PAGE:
Here, we will explore nonsurgical treatments for a bulging disc. Common nonsurgical treatment options include bed rest, pain medications, muscle relaxants, physical therapy techniques, chiropractic techniques, and few alternative treatment options.
Bed rest: If you are suffering from back pain originating from a bulging disc, the doctor may recommend complete bed rest with minimal physical activity for two to three days and complement that advice with prescribing some medications. Many patients do not need any further treatment and they recover just with bed rest and medications.
Pain medications: Many groups of medications can be used. Some are available over the counter while others require a prescription from a medical professional. These medications are usually the first-line treatment option for a bulging disc. Commonly, non-steroidal anti-inflammatory drugs like ibuprofen are used initially and if the pain does not settle, an opioid medication can be used by visiting a doctor’s office and getting a prescription.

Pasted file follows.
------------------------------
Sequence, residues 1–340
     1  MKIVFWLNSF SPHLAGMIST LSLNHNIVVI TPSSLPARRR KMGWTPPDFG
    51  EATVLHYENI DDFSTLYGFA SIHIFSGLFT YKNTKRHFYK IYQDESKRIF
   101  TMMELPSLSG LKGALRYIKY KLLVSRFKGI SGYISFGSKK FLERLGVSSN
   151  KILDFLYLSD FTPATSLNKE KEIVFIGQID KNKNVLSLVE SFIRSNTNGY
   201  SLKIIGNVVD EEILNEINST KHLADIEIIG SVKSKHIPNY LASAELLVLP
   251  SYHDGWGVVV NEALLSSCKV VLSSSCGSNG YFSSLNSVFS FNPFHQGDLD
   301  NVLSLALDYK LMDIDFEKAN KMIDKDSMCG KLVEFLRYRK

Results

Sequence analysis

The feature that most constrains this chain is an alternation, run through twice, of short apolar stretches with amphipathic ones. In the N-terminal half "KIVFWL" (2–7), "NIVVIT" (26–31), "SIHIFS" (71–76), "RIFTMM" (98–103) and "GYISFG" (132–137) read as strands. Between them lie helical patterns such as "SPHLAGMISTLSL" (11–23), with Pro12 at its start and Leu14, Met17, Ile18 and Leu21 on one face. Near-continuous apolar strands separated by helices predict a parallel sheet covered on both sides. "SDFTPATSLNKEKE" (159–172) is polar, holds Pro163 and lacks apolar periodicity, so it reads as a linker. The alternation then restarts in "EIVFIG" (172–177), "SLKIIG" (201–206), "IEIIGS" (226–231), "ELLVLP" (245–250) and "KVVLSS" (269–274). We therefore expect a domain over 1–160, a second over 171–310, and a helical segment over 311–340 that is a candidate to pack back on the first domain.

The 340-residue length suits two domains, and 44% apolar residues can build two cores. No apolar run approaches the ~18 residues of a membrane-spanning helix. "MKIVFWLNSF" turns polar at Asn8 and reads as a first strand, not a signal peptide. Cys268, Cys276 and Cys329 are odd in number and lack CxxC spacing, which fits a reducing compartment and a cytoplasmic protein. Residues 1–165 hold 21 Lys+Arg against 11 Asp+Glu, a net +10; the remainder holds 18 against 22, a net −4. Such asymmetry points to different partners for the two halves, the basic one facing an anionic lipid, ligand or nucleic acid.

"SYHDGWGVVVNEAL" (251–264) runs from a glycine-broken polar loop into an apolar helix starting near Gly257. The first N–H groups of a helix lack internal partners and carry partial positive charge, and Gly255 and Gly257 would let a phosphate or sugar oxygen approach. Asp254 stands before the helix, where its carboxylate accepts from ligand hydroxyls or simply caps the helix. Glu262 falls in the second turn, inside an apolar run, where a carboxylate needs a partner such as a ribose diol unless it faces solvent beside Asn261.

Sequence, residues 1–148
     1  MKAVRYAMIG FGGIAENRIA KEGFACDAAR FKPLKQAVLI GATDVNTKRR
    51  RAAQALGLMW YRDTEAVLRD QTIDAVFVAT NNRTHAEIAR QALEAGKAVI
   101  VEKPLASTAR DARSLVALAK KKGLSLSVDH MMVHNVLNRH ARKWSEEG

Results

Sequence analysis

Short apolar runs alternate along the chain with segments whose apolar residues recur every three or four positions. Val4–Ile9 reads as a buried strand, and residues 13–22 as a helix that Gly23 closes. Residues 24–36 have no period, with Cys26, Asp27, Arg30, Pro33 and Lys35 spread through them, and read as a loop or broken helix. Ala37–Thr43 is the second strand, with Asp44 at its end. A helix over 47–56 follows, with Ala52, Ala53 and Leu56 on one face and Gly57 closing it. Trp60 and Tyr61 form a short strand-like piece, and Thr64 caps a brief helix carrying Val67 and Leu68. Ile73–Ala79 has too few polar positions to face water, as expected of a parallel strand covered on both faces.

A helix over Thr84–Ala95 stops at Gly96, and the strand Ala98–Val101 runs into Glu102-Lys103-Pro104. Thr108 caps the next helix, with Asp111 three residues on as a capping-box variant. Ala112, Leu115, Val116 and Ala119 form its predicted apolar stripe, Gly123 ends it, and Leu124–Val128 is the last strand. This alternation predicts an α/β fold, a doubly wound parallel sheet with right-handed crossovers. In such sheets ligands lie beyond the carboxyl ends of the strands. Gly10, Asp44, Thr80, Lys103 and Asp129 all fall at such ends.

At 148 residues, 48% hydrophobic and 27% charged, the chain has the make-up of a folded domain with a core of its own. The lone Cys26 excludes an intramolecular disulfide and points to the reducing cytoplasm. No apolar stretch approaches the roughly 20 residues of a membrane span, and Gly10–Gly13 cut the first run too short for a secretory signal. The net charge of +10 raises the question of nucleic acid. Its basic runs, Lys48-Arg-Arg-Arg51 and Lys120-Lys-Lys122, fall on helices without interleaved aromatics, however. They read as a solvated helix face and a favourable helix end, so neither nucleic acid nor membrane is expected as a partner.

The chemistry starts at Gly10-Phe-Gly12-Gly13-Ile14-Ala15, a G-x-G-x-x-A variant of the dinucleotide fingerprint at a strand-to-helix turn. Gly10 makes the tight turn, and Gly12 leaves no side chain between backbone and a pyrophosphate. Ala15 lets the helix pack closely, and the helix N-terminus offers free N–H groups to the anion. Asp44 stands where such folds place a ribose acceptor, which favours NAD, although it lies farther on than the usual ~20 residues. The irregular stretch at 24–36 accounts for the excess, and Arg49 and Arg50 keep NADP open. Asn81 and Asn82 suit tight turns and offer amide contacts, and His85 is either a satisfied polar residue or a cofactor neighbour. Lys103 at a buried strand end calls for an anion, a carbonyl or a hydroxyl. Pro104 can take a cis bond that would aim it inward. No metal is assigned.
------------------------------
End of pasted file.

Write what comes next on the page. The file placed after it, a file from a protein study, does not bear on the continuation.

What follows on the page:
Muscle relaxants: In addition to painkillers, the doctor may prescribe muscle relaxant medications to help ease the tension in the back muscles. Common muscle relaxants are, baclofen, metaxalone, carisoprodol, and cyclobenzaprine. Usually, these medications are prescribed if the pain is not relieved by painkillers. A muscle relaxant can ease muscle tightness and relieve the spasm which helps in pain-free movements.
Physical therapy: There are mainly two types of physical therapy techniques that are used to relieve pain from bulging discs, passive and active therapy techniques.
Passive techniques: Passive techniques mainly relax the tissues of the body.
- Deep tissue massage: this technique is beneficial in relieving deep muscle tightness and muscle spasms. Muscles become tight when the disc bulges to restrict movements.
- Transcutaneous electrical nerve stimulation: It is also called TENS. The electrodes are attached to the skin surface and this machine is turned on. An electrical signal travels from the electrode into the skin and stimulates nerves to decrease muscle tightness. This technique is also believed to stimulate the release of endorphins.
- Hydrotherapy: This technique involves sitting or standing in a body of water for an optimum time. It can be done by taking a warm shower.
- Hot therapy: in hot therapy, heat is used to improve the blood supply of an area that translates into increase oxygenation of the tissue and increased nutrient supply to that tissue.
- Cold therapy: It slows down circulation. It is used to treat inflammation, pain, and spasms.